This is true of all processed foods produced in volume. I believe there are federal laws dictating the amount of "rat vermin" allowable in peanut butter? In everyday terms, that's rodent feces.

You can find Ken's MLD post here:

http://www.gotmead.com/mead-research/mld/2004/1112.html

If you don't have handy access to the Zymurgy article.

Pewter_of_Deodar
02-28-2006, 11:40 AM
One suggestion would be to "make a tea" with the items you plan to add. Boil the water and then while it is still hot, add the spices you want. If you use a steeping bag or some sort of teabag, you can remove the spices after they have soaked a while.

You do not want to use heat on things like fruit because it can cause pectin haze in the batch. The heat basically causes the fruit to gel. Sometimes, as others have stated, you just pitch the batch and trust the yeast to create enough alcohol quickly enough to kill everything else. Supposedly, the magic number on alcohol for a batch to sterilize itself is somewhere around 15 percent ABV. Since a lot of meads and wines are 12 percent or so, it leaves them a bit at risk. But I think that I will likely be making straight meads from now on an racking them onto the fruit in the secondaries in order to minimize the chances of infection...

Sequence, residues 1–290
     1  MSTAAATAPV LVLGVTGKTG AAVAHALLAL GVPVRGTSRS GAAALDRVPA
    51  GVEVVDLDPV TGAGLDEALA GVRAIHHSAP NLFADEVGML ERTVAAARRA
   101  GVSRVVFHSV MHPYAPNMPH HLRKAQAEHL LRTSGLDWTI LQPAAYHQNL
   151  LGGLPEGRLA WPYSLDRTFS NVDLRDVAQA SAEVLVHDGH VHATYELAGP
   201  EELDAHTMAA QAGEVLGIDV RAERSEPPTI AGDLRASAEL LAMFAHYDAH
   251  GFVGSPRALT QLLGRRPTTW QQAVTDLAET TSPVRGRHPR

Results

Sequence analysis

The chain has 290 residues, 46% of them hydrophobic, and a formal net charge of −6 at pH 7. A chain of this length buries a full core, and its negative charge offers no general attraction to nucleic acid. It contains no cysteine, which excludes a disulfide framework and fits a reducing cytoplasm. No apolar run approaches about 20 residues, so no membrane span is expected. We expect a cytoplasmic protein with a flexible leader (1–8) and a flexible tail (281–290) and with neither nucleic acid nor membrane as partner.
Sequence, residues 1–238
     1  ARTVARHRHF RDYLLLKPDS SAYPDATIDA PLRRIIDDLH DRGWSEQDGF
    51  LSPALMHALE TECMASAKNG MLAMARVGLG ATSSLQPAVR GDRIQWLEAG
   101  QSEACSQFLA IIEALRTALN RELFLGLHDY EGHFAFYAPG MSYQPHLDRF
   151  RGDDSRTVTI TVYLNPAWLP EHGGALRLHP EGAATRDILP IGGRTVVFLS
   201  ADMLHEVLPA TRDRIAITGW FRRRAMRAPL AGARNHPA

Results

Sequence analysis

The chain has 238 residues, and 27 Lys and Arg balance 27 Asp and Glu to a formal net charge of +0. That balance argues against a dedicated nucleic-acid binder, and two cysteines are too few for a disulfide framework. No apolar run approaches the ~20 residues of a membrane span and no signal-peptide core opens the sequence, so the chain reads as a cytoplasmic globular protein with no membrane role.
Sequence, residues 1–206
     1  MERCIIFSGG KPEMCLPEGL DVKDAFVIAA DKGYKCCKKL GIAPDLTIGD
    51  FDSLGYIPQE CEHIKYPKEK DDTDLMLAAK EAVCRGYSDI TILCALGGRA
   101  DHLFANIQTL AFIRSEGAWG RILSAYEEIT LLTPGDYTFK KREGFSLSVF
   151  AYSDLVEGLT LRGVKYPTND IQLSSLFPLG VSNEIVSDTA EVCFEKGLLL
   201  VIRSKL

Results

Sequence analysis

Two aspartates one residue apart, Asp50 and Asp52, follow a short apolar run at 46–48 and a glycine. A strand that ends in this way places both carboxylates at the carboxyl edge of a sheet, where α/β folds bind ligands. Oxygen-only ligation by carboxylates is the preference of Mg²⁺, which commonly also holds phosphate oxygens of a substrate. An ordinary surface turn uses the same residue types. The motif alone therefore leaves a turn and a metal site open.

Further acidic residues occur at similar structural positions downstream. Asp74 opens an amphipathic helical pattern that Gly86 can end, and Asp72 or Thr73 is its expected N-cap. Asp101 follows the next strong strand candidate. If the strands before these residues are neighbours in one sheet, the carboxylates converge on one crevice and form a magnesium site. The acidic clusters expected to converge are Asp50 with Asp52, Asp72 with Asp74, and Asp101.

Good luck,
Pewter

Dan McFeeley
02-28-2006, 12:35 PM
Tea is definitely a good idea. Keeps everything nice and safe, plus avoids possible bitterness from steeping the spices too long in the fermenting must.

Something to keep in mind is that yeasties secrete organic acids, lowering the pH and helping to inhibit bacteria. It allows them to dominate the microbiological milieu. You're going to get some levels of bacteria, depending on the individual strain and resistance characteristics, but, with a good healthy fermentation off to a roaring start, they will dominate.

Wi1s0nX
02-28-2006, 01:01 PM
One other Item to consider...
When adding spices to a carboy (even in tea form) make sure that tou completely clean the inside of the bottle neck and the airlock bung before resealing the Fermenter.
This will ensure a good seal and prevent a third ype of cvontamination "oxidation"

-eeg.